ICBPS MORNING BRIEF: Child Marriage In Iran Continues
ICBPS Morning Brief– At least 109 pregnancies have been registered in marriages under 18 years of age have been recorded in Markazi province, located in the southwestern Iranian capital Tehran in the first half of this year.
“Since three years ago, 1157 marriages of girls under 15 registered, and from 2016 to 2019, 1055 pregnancies under 18 were recorded,” says the government officials in the province.
Child Marriage In Iran
Child marriage in Iran is based on people in poverty seeking economic gain and is implemented based on Sharia law. At least 30,000 girls got married in Iran under the age of 13 each year, says Masoumeh Ebtekar, Vice President of IRI for Women and Family Affairs.
Sharia-based law, is currently performed in Iran, considers girls and boys adults at nine years and 15 years respectively, and thus ready for marriage.
Estimates from the U.N. children’s agency, UNICEF, in 2016 indicated that 17 percent of girls in Iran were married before the age of 18. And according to statistics from the Iranian National Organization for Civil Registration quoted in 2015 by the Center for Human Rights in Iran, over 40,000 girls under the age of 15 had registered their marriages during the previous one year.
The religion-based law, however, states the legal age of marriage is 13 for girls and 15 for boys, but marriages can still be carried out at a younger age with the consent of fathers (or legal guardians) and the permission of an Islamic court judge.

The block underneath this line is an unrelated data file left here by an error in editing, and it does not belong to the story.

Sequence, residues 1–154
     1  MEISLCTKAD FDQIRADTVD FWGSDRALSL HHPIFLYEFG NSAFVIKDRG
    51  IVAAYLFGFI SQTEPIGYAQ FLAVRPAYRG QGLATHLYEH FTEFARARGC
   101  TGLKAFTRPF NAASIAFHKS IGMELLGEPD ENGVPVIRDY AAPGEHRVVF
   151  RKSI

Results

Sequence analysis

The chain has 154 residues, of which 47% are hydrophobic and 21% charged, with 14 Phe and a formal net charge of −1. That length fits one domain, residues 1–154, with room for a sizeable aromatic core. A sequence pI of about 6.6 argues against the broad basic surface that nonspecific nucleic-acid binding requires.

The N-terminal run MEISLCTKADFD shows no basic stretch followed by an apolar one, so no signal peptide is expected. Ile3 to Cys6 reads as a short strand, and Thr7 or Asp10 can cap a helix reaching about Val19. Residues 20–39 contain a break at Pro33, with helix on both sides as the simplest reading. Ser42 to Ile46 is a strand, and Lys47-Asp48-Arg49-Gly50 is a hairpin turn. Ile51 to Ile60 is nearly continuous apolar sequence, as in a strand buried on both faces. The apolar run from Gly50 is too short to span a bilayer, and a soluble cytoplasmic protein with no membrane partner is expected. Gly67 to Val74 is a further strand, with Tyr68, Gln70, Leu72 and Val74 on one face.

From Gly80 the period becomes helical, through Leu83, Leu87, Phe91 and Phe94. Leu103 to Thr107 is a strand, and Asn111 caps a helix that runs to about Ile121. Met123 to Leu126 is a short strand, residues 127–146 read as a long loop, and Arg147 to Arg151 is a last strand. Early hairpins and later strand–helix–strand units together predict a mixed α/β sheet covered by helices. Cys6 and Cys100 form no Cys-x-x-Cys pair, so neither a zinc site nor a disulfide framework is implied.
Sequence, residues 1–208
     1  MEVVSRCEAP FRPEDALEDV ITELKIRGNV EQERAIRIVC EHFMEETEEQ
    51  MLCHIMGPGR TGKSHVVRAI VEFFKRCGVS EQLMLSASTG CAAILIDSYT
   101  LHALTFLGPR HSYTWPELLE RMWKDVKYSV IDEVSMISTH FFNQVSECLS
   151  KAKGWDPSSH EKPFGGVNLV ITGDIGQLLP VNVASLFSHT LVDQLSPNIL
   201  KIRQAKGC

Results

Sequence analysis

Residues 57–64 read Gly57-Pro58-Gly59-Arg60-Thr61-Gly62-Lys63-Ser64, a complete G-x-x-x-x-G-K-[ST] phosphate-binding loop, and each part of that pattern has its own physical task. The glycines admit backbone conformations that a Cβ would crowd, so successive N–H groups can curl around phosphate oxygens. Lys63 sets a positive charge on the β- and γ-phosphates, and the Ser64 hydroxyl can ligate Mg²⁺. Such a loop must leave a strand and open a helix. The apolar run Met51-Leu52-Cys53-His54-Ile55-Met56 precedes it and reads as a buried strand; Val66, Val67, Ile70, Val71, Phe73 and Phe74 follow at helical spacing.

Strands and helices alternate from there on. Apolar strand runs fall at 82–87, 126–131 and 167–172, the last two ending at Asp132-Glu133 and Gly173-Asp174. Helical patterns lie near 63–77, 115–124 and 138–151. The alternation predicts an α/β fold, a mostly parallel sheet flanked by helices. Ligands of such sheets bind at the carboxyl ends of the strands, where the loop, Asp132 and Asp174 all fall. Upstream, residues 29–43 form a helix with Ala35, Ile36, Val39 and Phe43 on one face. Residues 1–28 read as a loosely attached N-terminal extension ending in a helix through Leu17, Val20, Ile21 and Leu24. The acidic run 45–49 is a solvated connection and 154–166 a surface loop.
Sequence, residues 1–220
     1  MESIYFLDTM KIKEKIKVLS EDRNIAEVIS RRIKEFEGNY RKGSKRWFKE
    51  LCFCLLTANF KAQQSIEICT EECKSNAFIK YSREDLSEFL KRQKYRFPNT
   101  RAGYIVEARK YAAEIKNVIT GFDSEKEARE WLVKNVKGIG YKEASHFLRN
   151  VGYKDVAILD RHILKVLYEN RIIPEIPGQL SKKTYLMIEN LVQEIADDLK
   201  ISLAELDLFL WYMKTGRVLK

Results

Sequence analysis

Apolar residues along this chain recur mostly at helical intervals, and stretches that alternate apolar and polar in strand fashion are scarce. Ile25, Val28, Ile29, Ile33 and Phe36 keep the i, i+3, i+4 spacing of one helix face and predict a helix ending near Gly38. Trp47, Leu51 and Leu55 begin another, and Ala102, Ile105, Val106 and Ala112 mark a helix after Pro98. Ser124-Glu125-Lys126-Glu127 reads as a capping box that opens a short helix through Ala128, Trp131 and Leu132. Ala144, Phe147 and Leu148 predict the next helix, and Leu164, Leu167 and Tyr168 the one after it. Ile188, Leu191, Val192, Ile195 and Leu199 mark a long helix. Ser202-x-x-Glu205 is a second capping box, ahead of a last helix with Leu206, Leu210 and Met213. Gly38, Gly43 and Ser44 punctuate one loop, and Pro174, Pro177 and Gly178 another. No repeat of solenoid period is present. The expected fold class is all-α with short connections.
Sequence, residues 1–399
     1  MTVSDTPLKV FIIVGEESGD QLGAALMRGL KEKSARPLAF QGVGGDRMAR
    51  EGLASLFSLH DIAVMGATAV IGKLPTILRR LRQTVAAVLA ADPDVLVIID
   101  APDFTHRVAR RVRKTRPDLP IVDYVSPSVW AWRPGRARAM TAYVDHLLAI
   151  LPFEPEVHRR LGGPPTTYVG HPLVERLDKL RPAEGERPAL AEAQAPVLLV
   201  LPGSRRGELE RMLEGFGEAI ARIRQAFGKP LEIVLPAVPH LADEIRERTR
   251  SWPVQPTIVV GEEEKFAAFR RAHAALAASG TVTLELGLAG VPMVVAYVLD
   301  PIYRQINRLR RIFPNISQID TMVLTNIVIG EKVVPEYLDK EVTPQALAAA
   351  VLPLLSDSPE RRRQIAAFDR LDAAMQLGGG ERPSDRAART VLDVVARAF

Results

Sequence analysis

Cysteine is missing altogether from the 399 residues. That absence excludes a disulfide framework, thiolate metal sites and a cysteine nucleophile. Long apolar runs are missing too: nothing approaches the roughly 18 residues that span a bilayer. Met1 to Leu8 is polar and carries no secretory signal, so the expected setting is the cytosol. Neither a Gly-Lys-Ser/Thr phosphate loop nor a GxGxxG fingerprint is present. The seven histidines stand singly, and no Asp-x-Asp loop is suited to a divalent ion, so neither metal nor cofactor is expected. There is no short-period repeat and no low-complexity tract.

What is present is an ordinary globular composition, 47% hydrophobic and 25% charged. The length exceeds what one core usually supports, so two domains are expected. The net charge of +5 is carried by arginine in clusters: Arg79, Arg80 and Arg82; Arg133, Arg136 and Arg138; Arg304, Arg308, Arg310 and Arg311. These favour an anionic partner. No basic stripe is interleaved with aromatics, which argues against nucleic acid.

The number of marriage loans by people under 15 has reportedly increased almost 90 times as the number of such child marriage has astonishingly increased.
“Within the last decade, over 400,000 girls under the age of 15 were married off in Iran, the country’s official sources reported,” according to the Kurdistan Report in 2017. The figure has certainly increased since 2017.
The “Prohibition of child marriage” bill in 2019 was rejected by the Islamic Consultative Assembly’s Judiciary Commission.
The real number of child marriages in Iran could be much higher, as many marriages are not officially recorded.
The spouses in unregistered marriages have no civil rights as the children from the marriages have no birth certificates.
Further, child marriage makes girls prone to sexually transmitted diseases and sexual infections. The girls also face often child-bearing problems which can lead them to suicide, self-immolation, and running away from home in some cases.
Child marriage is based on people in poverty seeking economic gain.
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